Masande believes that sometimes, home can also start from language. Born in East London (a city in South Africa, not the geographical east of the home of West Ham United), he comes from and lives in a country that not only has 12 official languages but also one that struggled with (and occasionally still does because what is xenophobia if not a struggle with one own’s home?) defining home especially having undergone a long period of apartheid. Noticeably, his characters are always searching for ‘home’.

“Home sets us to motion but it is what we carry inside us,” he says. “Even in the movement, there are all manner of things to deal with, that is the joys, the fears, the pains, all these are actually homes, because home is all the contentious territories that we carry and will always remain in us.”

The very first home, for everyone, according to Leila Aboulela, is our mothers’ wombs, and the last one is our graves. These are some of the collective, universal homes we share as humanity. In between birth and death, we seek our own meanings of home, and we attach worth to them so that eventually, home becomes where we are with worth, and outside home our worth drops. (Coincidentally, Leila’s home country - Sudan - is currently experiencing civil unrest and thousands of people have had their lives disrupted as they flee their homes to seek safety or befittingly, to delay their ending up in the eventual ultimate home — the grave).

For Kalaf Epangala, home is not only the music but also the records and the two poetry books he carried with him when he first left Angola where he grew up to move to Portugal. Now living in Germany, whenever he must explain to someone what home is, he plays them music. But home to him is also the Kizomba music clubs (where he first waitressed when he immigrated) on whose dance floors everybody becomes one to the music and no one is a stranger to the other, and then, it - home - is also his children’s names.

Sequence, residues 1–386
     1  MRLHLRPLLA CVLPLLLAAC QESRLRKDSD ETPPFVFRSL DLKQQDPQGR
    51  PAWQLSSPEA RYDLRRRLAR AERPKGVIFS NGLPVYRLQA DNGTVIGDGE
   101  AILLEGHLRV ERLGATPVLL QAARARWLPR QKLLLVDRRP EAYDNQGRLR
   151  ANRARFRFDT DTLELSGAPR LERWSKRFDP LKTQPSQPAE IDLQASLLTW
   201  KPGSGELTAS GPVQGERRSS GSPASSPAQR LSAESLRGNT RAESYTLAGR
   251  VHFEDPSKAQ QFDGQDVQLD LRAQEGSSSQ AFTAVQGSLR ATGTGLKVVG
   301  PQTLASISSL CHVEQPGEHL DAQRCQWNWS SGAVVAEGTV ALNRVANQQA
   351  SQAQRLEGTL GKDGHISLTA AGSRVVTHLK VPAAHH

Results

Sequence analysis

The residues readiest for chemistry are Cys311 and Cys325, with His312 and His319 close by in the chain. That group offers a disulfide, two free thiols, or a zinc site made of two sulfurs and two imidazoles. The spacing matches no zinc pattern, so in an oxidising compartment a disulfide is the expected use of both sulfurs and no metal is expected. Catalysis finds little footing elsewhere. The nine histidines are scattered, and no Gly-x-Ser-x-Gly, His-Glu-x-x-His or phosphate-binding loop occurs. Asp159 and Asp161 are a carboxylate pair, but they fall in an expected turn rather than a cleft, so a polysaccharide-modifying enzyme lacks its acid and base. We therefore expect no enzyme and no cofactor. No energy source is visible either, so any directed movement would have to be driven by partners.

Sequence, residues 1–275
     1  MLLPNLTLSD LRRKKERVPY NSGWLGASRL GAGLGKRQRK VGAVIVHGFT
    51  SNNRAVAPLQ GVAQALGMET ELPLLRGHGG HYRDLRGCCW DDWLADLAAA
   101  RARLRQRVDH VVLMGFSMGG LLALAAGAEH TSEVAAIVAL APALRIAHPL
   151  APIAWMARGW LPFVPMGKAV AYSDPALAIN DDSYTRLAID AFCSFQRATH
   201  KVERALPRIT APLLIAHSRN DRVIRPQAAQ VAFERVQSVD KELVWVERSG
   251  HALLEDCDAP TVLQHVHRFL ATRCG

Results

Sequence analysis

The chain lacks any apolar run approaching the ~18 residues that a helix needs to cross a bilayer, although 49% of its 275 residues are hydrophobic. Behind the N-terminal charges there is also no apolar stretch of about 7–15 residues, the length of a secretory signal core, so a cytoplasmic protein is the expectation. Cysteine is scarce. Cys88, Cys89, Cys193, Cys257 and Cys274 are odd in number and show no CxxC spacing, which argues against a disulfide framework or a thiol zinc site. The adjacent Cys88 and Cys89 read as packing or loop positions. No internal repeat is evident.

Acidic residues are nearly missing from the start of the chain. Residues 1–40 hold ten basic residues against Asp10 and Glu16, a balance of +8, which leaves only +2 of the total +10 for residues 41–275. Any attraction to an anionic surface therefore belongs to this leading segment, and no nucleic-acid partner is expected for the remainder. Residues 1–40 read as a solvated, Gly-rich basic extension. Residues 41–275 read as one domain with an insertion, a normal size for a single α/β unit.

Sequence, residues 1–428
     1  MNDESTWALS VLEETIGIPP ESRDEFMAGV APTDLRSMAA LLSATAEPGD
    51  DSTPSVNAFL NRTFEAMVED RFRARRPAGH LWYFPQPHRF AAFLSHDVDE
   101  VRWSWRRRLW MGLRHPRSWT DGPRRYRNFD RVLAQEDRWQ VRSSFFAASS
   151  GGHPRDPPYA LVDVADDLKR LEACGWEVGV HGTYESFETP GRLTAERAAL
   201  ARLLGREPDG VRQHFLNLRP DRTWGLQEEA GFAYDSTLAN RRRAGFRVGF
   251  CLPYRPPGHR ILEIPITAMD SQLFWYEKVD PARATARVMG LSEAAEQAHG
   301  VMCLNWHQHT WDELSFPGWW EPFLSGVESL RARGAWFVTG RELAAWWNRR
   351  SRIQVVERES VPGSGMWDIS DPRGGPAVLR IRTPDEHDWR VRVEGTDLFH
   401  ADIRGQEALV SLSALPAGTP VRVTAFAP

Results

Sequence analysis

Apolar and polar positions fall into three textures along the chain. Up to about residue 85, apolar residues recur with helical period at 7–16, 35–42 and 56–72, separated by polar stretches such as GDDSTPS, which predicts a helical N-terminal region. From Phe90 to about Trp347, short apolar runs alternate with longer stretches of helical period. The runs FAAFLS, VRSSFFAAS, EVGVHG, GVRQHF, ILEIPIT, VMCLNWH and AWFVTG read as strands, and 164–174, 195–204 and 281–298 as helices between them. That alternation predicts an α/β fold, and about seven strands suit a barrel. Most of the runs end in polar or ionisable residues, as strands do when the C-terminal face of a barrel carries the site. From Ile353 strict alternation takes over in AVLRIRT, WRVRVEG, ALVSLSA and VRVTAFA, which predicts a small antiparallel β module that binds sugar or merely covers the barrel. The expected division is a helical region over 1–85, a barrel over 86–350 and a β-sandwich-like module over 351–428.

Similarly, having immigrated from their home countries to live abroad, Aminatta (from UK to the US), Yvette and Kossi (Togo to Italy) and Hemley (Cameroon to France) have had to intentionally explore and re-define what home means to each of them and to the characters in their books. For Hemley, she dreamt constantly in her first years of relocation of her mother’s kitchen.

Djamila documents and writes around the experiences of black women and girls in Brazil.

But what drives our (Africa’s) interest in the future? What’s wrong with the present?

“Africa is restless,” says Jennifer. “Nothing is enough for us. We are imaginative and we are talented, and while Africa’s reality has been so fictionalized especially by the West, that does not bother me, because then we get to shock them out of their worlds.”

Since we can’t get rid of myths, she advises that we create our own and live up to them.

Masande writes and is interested in speculative fiction as genre because it is his way of protesting how the West has always portrayed and dominated the portrayal of Africa’s reality. His book Triangulum (Triangulum refers to the most distant star you can see with naked eyes) explores the interaction between the past (in this case apartheid) and the future (i.e., what would the world look like in 2050?).

Both Yvonne’s books — Dust (which Eric Rugara terms ‘as what Cormac McCarthy does when he drifts into an ancient-sounding poetry except that she, Yvonne, sustains it for an entire book) and The Dragonfly Sea explore home as a theme. In one, the protagonist fights with their idea of home, a home that has snatched, among other things, a loved one from them, while in the other, the protagonist sets off to search for home.